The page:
More from George Tscherny: his design on the poster for the U.S. exhibition at the troubled Milan Triennale of 1968. In those days, the event served as a major convergence point for conversation and debate within the design community.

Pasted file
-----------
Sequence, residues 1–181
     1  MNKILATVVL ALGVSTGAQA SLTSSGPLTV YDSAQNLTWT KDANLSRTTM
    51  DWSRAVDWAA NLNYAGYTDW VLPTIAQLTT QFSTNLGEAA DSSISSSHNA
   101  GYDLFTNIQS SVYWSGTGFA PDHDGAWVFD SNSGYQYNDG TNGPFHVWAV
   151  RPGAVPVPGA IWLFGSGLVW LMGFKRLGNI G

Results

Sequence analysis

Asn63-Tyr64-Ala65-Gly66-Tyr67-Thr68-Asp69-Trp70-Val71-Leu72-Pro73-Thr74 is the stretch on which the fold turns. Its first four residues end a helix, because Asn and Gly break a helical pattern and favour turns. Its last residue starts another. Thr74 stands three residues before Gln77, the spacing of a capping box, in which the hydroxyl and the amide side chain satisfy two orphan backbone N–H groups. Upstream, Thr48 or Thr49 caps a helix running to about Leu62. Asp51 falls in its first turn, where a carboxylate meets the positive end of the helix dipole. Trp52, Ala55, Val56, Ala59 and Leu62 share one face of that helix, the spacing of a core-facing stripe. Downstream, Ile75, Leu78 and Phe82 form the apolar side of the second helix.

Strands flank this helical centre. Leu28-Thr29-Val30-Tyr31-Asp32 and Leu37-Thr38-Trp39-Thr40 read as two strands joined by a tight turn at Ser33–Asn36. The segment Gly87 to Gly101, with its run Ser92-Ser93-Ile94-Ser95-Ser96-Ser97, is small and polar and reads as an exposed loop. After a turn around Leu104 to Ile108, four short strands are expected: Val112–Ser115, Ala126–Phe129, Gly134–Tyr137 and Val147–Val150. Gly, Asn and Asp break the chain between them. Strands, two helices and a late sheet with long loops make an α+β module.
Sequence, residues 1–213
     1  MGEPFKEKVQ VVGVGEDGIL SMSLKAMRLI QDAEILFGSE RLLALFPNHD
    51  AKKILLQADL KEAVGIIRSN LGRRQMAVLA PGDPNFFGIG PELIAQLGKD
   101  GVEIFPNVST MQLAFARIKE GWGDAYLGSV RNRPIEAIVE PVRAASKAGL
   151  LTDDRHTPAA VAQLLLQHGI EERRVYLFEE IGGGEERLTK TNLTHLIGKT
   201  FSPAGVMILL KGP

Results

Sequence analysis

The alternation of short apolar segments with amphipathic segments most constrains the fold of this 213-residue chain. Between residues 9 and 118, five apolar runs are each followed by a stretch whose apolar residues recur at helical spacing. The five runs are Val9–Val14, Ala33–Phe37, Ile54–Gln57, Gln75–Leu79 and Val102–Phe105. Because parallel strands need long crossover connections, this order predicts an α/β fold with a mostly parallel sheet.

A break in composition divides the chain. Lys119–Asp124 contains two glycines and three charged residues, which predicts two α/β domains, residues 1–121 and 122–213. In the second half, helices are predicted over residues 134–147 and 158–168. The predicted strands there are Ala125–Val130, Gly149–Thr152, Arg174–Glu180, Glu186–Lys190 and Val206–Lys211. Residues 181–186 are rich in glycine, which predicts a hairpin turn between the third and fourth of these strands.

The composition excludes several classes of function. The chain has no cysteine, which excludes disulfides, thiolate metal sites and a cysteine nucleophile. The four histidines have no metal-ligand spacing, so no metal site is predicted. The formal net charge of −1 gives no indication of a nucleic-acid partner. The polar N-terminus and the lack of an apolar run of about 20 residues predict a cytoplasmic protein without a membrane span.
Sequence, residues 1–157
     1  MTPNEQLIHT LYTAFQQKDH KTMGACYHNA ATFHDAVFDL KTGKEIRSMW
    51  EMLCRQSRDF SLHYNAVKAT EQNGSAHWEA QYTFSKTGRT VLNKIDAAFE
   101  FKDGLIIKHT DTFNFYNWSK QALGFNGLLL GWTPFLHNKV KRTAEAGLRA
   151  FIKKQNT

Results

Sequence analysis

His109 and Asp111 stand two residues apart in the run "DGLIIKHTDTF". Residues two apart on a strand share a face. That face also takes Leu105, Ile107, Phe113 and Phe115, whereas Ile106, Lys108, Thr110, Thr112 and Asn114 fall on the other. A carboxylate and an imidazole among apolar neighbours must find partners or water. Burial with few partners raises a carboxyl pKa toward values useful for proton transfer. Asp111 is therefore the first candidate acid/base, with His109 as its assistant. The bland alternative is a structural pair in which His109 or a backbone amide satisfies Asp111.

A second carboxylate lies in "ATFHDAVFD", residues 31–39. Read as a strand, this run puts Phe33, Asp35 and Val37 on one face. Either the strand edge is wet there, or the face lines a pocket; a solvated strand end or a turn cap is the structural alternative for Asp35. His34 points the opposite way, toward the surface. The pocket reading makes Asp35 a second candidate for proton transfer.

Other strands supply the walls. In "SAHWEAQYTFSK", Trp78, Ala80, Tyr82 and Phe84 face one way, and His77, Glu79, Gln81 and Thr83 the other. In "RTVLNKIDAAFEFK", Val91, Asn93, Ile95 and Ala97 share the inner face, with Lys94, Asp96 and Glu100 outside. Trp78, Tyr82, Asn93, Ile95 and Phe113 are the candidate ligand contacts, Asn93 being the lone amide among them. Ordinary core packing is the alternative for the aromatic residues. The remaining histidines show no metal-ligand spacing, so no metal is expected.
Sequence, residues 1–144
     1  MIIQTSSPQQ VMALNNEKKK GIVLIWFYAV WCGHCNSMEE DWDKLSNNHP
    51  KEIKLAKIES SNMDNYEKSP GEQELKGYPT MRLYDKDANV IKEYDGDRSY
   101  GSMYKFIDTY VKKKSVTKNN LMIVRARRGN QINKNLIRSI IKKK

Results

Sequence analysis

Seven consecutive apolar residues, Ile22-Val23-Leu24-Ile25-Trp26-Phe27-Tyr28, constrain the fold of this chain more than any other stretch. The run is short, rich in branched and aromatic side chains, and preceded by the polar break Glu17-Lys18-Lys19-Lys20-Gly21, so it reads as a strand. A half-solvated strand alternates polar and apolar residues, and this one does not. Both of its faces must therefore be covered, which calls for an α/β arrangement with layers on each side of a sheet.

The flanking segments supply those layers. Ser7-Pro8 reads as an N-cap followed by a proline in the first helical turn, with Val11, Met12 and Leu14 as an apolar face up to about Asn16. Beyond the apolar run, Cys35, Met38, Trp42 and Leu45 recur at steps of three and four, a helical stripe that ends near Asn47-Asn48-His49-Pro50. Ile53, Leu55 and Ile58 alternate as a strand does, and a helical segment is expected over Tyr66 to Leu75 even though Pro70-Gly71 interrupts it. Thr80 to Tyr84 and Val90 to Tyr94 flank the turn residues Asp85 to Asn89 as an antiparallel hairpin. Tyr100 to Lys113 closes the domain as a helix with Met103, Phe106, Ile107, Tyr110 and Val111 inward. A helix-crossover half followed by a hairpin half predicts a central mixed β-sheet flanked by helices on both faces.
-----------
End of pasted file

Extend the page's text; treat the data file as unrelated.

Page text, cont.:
The organizer, architect Giancarlo De Carlo, declared its focus for ’68 to be “Il Grande Numero,” which was meant to encompass the complexity of industrial expansion and its new capacity for production, as well as urban design issues related to the rapidly increasing human population. But like many major cultural events of that year, it quickly became the site of protest and demonstration: students and artists organized sit-ins, and despite De Carlo’s explicit effort to engage the protests in constructive terms (embodied in several physical areas of the exhibits devoted to the ongoing protests), the event was ransacked and eventually evacuated. It reopened a month later with police protection—a compromise that resulted in the resignation of the executive committee. The Milan Triennale wouldn’t reconvene for five years.